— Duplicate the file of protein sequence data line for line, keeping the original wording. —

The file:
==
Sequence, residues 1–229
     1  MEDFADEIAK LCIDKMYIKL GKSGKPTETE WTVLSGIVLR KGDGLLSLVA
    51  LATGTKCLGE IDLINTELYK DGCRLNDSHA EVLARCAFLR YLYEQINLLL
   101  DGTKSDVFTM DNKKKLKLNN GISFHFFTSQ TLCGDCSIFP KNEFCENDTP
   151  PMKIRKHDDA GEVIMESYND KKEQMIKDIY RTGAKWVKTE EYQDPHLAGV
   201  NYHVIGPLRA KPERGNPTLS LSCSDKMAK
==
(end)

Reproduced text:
Sequence, residues 1–229
     1  MEDFADEIAK LCIDKMYIKL GKSGKPTETE WTVLSGIVLR KGDGLLSLVA
    51  LATGTKCLGE IDLINTELYK DGCRLNDSHA EVLARCAFLR YLYEQINLLL
   101  DGTKSDVFTM DNKKKLKLNN GISFHFFTSQ TLCGDCSIFP KNEFCENDTP
   151  PMKIRKHDDA GEVIMESYND KKEQMIKDIY RTGAKWVKTE EYQDPHLAGV
   201  NYHVIGPLRA KPERGNPTLS LSCSDKMAK